The Common Denominator between Brains, Cities and the Internet (..oh..and ants too)

If you took the time to look at an ant colony..really look at it…you’d be amazed. In his book Emergence, Steven Johnson did just that. And here’s what he found. Ant colonies are perfectly designed. The food supply of the colony is the perfect distance away from trash pile, and both are strategically placed to be the greatest possible distance from the ants’ graveyard. It’s as if some ant mastermind somewhere took the time to plot out the colony design on some ant-sized draftboard. Of course, that didn’t happen. What did happen is that even ant sized brains can remember a set of simple rules and over time, even with the complexity of thousands of ants doing their thing, a sort of order emerges. Patterns that look to be deliberated planned emerge out of complex and seemingly chaotic activity.

The Organized Cesspool: Manchester

In the 1800’s, the industrial revolution caused the city of Manchester, England to explode in size, from 24,000 in 1773 to 250,000 by 1850. The growth was not steered by any form of urban planning. Factories sprung up anywhere. Factories needed workers, so new neighborhoods, many shantytowns housing the poorest of the poor seeking work, suddenly sprouted up. People need some basic form of support, so new shops and services suddenly appeared. All this happened without a plan in place, a seemingly hopeless mishmash of urban development. Alex De Toqueville described it like this, “From this foul drain the greatest stream of human industry flows out to fertilize the whole world. From this filthy sewer pure gold flows. Here humanity attains its most complete development and its most brutish; here civilization works its miracles, and civilized man is turned back almost into a savage.”  Dickens was even less kind, ” What I have seen has disgusted and astonished me beyond all measure.”

One of the visitors to Manchester saw something different, however. Frederich Engels, who would become co-author of the Communist Manifesto with Karl Marx, came to Manchester to see first hand the horrific struggles of the Industrial-era working class. Certainly he found what he came looking for, but he also saw something that surprised him. There, in the squalid chaos that was Manchester, he found a strange sort of order that had emerged. Manchester had developed so that the factory owners that lived in the upper class neighborhoods could live for years in the city without seeing a working class neighborhood. Thoroughfares, businesses and social institutions emerged so that the city just “worked” for it’s inhabitants. Just like the ants, the citizens of Manchester had some social rules that dictated the pattern of the city that emerged.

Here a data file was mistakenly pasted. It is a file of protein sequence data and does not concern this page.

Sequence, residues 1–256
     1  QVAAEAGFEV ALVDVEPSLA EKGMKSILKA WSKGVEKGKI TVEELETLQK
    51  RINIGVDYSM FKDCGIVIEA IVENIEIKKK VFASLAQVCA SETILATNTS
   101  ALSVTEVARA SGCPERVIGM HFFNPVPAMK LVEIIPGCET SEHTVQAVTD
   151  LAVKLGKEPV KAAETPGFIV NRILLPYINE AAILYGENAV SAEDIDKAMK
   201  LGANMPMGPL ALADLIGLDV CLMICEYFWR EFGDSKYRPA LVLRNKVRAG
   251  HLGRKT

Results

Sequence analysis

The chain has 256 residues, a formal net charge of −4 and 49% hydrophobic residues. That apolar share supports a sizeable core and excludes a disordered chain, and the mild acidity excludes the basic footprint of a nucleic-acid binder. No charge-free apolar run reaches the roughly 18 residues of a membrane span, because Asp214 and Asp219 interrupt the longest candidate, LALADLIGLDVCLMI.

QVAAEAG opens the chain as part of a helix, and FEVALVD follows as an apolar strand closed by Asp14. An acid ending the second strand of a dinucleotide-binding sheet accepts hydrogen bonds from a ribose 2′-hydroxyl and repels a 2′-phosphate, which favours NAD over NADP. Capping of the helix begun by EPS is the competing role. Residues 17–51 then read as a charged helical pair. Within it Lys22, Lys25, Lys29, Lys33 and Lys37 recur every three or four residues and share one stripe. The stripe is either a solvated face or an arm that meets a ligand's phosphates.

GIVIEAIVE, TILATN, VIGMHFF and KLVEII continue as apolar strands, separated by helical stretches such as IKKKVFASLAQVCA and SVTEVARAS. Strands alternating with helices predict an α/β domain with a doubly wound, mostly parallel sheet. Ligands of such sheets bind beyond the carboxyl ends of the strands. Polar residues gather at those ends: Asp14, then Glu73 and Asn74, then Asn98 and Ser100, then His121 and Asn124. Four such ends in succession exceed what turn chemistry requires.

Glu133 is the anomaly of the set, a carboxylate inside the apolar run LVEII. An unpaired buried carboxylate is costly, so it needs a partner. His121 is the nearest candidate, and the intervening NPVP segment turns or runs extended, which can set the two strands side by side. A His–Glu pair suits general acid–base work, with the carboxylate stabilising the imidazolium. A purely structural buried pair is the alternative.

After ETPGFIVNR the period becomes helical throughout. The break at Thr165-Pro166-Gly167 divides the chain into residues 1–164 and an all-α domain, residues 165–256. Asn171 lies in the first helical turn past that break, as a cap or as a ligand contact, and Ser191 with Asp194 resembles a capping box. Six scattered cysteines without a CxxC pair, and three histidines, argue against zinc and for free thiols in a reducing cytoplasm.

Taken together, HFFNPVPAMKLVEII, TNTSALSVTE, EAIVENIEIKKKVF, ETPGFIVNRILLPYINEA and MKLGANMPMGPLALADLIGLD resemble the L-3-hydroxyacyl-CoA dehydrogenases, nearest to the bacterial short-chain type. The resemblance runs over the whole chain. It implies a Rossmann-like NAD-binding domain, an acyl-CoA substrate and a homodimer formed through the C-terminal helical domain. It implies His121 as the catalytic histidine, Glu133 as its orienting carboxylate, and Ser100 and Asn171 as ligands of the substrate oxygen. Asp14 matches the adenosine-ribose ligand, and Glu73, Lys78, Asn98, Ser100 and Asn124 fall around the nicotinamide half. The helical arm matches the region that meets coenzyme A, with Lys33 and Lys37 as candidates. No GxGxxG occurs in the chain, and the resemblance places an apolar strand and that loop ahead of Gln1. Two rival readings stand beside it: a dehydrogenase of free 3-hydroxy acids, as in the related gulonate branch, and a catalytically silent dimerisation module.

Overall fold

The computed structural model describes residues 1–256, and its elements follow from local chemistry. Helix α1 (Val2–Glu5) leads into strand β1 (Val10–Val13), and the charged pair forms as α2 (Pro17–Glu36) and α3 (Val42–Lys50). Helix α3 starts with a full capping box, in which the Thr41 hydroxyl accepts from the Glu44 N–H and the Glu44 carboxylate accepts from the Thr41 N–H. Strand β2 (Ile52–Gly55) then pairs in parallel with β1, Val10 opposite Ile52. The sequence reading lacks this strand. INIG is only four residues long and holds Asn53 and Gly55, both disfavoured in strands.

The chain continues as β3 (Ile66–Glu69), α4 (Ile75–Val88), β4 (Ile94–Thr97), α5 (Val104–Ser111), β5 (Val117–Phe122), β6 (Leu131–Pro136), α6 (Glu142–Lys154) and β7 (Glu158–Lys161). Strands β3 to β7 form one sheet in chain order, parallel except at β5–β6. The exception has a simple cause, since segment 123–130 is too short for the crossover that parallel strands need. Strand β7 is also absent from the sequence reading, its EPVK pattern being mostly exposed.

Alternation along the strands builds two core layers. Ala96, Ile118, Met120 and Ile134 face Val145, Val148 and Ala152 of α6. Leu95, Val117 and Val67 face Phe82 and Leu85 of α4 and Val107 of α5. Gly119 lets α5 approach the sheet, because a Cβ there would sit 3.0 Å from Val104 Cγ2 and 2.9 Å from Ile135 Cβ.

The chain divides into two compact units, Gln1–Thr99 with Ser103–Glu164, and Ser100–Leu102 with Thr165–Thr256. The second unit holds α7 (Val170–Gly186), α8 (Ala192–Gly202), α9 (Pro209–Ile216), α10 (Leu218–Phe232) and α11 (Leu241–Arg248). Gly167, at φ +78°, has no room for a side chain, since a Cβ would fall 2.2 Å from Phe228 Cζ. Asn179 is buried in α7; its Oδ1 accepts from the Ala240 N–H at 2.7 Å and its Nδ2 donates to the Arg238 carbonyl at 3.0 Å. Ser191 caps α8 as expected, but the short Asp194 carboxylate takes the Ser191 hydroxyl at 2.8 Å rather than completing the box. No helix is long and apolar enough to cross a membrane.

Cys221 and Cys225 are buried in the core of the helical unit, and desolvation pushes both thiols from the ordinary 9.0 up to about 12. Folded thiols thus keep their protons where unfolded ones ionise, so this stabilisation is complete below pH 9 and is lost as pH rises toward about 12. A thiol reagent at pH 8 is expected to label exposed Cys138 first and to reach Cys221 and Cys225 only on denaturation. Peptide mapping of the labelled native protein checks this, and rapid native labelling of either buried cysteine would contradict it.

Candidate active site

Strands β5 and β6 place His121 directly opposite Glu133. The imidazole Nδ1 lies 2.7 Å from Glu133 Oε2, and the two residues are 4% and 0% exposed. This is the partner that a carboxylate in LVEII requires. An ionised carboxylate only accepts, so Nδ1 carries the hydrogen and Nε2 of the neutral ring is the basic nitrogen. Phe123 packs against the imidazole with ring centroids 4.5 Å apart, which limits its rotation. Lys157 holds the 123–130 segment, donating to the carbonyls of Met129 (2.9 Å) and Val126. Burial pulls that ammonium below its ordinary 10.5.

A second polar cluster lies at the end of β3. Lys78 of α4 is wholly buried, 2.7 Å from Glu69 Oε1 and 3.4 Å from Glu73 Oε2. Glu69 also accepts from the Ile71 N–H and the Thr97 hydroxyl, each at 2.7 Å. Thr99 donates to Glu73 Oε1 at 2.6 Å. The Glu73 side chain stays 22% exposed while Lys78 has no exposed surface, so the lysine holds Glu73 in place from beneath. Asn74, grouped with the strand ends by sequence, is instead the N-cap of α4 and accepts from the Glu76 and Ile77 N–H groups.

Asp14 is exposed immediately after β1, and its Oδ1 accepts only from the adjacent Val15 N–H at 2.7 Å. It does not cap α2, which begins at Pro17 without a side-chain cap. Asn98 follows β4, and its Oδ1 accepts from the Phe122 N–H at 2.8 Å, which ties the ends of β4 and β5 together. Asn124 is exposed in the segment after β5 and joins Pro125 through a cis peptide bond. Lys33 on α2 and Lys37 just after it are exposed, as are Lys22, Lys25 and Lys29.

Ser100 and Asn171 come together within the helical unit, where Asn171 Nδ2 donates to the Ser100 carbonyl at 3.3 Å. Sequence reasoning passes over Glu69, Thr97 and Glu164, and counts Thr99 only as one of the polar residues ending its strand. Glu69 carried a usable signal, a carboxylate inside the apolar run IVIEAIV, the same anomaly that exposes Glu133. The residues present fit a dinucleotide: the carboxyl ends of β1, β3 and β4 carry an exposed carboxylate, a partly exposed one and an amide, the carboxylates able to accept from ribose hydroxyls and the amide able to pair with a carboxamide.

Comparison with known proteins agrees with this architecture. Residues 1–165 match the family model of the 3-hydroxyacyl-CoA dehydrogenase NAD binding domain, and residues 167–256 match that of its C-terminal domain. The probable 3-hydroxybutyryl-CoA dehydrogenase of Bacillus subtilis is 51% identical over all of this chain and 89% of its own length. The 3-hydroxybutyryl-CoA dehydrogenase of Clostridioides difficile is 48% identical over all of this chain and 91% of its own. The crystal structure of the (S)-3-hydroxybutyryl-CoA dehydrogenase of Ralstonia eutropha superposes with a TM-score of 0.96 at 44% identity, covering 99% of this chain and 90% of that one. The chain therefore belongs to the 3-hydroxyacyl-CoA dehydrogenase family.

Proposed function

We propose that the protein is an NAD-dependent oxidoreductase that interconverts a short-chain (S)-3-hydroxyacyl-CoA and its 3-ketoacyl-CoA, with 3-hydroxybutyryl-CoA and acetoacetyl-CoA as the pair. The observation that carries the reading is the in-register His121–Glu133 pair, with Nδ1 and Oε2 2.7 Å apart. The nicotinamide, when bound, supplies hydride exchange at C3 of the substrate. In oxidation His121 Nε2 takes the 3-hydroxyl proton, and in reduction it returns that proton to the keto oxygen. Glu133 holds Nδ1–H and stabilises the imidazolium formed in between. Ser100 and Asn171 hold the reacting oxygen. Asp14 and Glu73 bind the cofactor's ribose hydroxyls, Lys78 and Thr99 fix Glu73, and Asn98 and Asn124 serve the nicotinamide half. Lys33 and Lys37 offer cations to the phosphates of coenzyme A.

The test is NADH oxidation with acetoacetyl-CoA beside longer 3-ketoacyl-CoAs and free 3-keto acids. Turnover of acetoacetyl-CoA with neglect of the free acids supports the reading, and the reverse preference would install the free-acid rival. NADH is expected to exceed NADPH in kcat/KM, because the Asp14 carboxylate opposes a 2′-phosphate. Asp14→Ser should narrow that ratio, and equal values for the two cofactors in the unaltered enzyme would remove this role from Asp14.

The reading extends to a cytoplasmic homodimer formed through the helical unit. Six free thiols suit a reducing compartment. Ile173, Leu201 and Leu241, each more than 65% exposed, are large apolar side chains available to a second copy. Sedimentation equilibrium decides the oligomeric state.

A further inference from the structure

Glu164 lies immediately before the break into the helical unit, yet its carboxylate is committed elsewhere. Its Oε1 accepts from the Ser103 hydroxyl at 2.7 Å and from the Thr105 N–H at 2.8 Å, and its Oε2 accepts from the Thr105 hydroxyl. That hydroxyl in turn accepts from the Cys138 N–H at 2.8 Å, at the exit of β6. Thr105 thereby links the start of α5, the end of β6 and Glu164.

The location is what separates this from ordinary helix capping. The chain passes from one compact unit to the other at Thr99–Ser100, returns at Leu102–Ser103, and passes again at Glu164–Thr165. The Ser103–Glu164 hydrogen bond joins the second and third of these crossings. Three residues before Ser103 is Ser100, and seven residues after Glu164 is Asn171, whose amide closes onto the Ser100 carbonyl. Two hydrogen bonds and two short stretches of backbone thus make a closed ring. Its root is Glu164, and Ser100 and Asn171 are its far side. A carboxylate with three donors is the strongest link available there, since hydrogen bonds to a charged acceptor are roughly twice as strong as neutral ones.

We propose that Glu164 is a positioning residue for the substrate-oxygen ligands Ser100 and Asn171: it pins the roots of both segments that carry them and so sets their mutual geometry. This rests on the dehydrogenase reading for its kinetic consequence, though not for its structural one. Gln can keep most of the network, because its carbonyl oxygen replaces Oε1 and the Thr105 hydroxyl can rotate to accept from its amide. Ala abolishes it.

Brains and Cities: Evolved Functionality

citybrainThis natural evolution of cities is the subject of a recent study that comes from Rennselaer Polytechnic Institute. The finding? Cities are organized like human brains.As cities grow, they not only increase in physical size, they also become more densely interconnected. As brains increase in complexity from species to species, you don’t just get more neurons, you also get more efficient neurons. Both can handle more traffic.

The study used Seattle and Chicago as examples. You couldn’t just take Seattle and triple it to become Chicago. The traffic corridors wouldn’t be able to handle the increased flow. There wouldn’t be enough on ramps and off ramps, and the ones that did exist would be would be too small. The services and support needed to accommodate the population wouldn’t be efficiently planned. As cities grow, they evolve to meet the needs of their citizens. Every time I visit New York, it amazes me that Manhattan can work at all. It seems to be an impossibly delicate act of magic..keeping that many people on an island fed and functioning. This is one of the reasons high growth cities struggle to keep up with infrastructure such as required freeways and public transit – they’re growing faster than the infrastructure, handcuffed by the need for administrative approval, can change to support them.

And if I think Manhattan is a miracle, the complexity of what the human brain has to deal with daily represents a feat of impressiveness several magnitudes greater. Indeed, the functioning of the human brain is so complex, all the combined efforts of science have barely scratched the surface of how the damned thing actually works.

The Emergence of the Internet

This common theme of functional evolution and patterns emerging from complexity is also playing out currently on the Internet. Much like Industrial age Manchester, the Internet is growing exponentially without any master plan. And yet, it seems to work. And, as the internet evolves, just like brains and cities, it becomes more interconnected. Functionality is increased through API’s and mash-ups. The internet is evolving into an incredibly complex ecosystem that is remarkably workable. And, like all complex systems, the emergence of workable patterns will depend on a handful of universal rules: the ability to find information, the ability to do things, the ability to talk to people, the ability to have fun and the ability to buy stuff. That’s all we really want and the Internet will naturally emerge in the way best suited to accomplish those simple goals.

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